Are we persistently acceptant?

Acceptance is one of those things that is regularly spoken about, and probably most regularly in regard to young people. How could we, and even should we be continuously or persistently acceptant?

Are we meant to accept the way they speak?
Are we meant to accept the way they act?
Are we meant to accept the way they do things?
Are we meant to accept the fact that their way of expression will be different to ours?

So many forms of acceptance, and not all listed above, but how can we work out a way of acceptance?

If we are to be acceptant in our approach, then we have to come at it from a foundation, of understanding that recognises that we will not understand things straight away, and things will not necessary change or adjust straight away. Acceptance takes time! time to show! time to receive! Time to believe that it is actually truly given!
Acceptance is often viewed with a lens of suspicion, not believing that people are being true to what they say, or even a level of scepticism because it is often something that a lot of people, and maybe young people more than most, do not experience truly in their lives. We live in a culture where blame, shame, unforgiveness all exist at high levels, but yet we are called to be different, live differently, demonstrate different values, and so live out a culture of persistent acceptance.

when we work with young people, living this out will be a challenge, as parents, church members, and others will all have viewpoints on young people and their behaviour, but as god demonstrated persistent acceptance to us, inviting us into that relationship with him, continuously, persistently, we should aim to live out that which has been demonstrated to us.

so what od we need to do if we are to demonstrate this?

1: Where a young person continues to be around us, never give up on them. Obviously, at some points young people will choose to walk away, but often they will not, so regardless of what is happening, we do not walk away from them.
2: recognise the long hall for us. Acceptance is not going to happen over night, so we need to involve, engage, in a long term process.
3: Keep the invitation open. Even if there are boundaries that you are agreeing with young people, and they need to be stuck by, always ensure that the young person knows the door is open, there is never a permanence to their removal or exclusion. the door is there, open, the invitation is there and remains.
4: ensure the conduct of your team shows this as well. So it isn’t just reliant upon you the leader, but is always part of the whole teams approach to people, situations, the premise of acceptance is at the heart of all that you are about.

god continues to show acceptance to us, so where and how do we show it to others around us?

The end of the youth group

“what would you like in your community if money, people and space were not issues?” A question that was asked to a group of young people in a school recently where we were involved. Interestingly the response from some came back, saying that they didn’t want youth groups, people puting stuff on for them, they would actually really like their own venue, their own space, their own place to hang out, be, chat, have fun. When exploring this further there was quite a voice that spoke up saying that they would love to be involved in helping set something up, being part of making sure things happened, and being part of making it move forward. Could this kind of idea be the end of the traditional youth group?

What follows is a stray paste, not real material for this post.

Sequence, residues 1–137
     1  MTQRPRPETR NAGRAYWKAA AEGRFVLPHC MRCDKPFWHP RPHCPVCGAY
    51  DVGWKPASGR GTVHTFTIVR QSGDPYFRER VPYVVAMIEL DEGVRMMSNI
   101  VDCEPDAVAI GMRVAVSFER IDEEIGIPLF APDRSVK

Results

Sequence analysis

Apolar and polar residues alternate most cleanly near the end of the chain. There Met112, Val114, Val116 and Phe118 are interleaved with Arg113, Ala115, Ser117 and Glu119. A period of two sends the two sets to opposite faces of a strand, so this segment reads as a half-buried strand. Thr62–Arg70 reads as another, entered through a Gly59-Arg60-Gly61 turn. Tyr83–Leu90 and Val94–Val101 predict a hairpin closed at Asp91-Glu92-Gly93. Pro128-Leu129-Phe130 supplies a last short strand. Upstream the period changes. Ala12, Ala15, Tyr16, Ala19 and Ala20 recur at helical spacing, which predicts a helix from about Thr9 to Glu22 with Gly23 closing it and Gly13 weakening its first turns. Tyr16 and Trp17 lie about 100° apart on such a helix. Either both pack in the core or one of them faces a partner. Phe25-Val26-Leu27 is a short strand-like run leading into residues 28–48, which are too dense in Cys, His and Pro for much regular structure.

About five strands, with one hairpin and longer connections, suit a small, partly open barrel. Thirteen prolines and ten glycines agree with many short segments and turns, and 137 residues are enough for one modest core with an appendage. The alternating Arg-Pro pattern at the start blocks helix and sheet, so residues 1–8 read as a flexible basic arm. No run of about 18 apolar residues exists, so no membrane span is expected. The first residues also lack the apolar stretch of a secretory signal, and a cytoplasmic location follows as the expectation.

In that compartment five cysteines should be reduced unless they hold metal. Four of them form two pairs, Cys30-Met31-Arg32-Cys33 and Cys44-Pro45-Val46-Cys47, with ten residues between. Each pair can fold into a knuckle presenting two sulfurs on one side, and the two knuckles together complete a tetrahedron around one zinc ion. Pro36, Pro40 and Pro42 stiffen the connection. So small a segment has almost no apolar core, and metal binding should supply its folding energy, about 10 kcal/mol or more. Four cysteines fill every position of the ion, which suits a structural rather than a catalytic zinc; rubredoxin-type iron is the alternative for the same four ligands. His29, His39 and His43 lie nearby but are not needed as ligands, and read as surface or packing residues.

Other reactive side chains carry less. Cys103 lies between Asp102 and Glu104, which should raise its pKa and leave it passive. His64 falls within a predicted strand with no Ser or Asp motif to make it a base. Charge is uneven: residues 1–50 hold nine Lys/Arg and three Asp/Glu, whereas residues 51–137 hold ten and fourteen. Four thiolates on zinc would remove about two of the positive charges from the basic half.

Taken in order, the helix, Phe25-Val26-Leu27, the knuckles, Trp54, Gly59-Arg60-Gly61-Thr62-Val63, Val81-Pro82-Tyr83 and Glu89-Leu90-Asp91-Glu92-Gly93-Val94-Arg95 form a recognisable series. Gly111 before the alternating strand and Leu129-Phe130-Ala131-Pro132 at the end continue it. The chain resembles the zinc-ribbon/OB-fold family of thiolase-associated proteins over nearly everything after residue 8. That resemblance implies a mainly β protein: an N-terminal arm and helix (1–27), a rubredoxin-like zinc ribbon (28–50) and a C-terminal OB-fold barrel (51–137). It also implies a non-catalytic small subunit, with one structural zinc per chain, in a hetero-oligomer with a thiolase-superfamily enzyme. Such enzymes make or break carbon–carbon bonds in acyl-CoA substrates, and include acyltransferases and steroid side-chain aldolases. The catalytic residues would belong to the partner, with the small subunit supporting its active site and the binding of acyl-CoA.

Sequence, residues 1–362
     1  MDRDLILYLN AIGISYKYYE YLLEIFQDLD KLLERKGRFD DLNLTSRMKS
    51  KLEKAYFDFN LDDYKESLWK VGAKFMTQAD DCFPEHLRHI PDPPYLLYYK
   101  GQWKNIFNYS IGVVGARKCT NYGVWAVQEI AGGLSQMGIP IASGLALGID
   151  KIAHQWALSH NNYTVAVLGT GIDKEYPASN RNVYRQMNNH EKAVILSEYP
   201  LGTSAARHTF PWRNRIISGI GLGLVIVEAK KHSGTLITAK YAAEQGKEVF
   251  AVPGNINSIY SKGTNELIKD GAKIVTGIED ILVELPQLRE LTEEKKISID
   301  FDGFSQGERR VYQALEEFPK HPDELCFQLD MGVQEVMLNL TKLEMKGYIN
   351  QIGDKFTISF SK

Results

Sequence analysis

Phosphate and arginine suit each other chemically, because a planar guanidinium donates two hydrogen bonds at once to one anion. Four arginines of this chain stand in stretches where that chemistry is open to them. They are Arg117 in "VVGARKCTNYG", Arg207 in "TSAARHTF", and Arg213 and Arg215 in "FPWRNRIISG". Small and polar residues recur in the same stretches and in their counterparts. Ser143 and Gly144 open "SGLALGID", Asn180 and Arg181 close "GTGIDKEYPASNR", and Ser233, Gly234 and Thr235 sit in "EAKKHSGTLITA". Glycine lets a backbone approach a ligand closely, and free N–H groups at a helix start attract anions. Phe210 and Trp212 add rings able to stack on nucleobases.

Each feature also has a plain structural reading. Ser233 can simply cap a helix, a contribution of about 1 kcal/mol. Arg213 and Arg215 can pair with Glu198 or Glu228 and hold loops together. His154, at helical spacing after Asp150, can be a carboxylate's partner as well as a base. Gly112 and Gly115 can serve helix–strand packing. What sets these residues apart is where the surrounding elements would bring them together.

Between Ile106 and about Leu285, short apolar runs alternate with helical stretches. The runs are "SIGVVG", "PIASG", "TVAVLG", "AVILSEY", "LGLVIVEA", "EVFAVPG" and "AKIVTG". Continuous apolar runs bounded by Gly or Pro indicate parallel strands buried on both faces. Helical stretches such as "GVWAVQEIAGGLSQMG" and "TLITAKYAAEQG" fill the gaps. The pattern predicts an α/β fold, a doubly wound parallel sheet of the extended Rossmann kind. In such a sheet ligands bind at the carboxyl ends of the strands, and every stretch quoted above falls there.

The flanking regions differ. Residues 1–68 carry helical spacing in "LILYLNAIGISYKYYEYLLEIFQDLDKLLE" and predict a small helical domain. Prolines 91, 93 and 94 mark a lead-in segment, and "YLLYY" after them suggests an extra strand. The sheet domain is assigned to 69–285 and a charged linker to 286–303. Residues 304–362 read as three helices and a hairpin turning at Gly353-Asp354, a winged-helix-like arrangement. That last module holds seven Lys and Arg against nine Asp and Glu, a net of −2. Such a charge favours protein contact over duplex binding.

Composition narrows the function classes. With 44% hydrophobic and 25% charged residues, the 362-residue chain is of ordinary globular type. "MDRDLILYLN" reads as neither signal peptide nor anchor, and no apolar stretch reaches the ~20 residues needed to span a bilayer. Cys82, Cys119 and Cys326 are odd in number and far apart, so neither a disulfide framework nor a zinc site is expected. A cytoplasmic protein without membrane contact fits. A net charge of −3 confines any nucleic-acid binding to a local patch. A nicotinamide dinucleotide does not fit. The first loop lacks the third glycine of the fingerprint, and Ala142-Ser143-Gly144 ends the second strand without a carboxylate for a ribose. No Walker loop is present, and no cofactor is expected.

A while ago I wrote a booklet, short booklet, which was called the P’s and C’s of youth work, where I argued that the terminology of group needed to change to the idea of community. I wonder whether this is at the heart of what these young people were saying? More community, where they were part of it, and part of the ownership of it, rather than a group, where things were put on for young people, by others, by adults!!

What would discipleship look like in this kind of context? A place where more relationship could grow, where life could be shared, where people are listened too, as well as spoken with. A place where the reality of life could collide with the fullness of life that Jesus offered in John10.10. community also brings in the idea that life can be engaged with more regularly than the 1.5 hours on a friday evening or whenever it might be, and then no engagement in-between times. If we look at how Jesus engaged with the Disciples, he gathered, he did life, he showed, he shared, he enabled, he invited, he released, he involved, he valued. Could it be that some of these values have been missed out, forgotten, ignored from our engagement with young people, or even with the teams that we lead.

Is it time to re-explore our discipleship approach, both with the young people we engage with, but also the teams we lead? Is discipled leadership something worth exploring further so that the phrase, disciples who make disciples is truly lived out? A group settles with what is, a community invites others to be part of what is happening, there is much more to write, but you can read more on some of this at www.rolltherock.org.uk/resources and click on P’s and C’s of youth work. A second part of this will be coming later this year.

Are you, you?

Leaders can very easily become other people, due to pressures, expectations, and many other reasons. U2 in a recent song, had the line: ” Free yourself, to be yourself, if only you could see yourself.” Powerful words, But sometimes it is hard to see ourselves, for who we really are due to other stuff around us. Here is our video blog for this, watch, reflect, comment. https://youtu.be/WuU53vGWLPk

The rhythm of time

this months video looks at the pressures and issues around our time. the expectations that others have upon us, and the expectations that we have upon ourselves. We also look at the rhythm that Jesus engaged with, and what that might mean for us.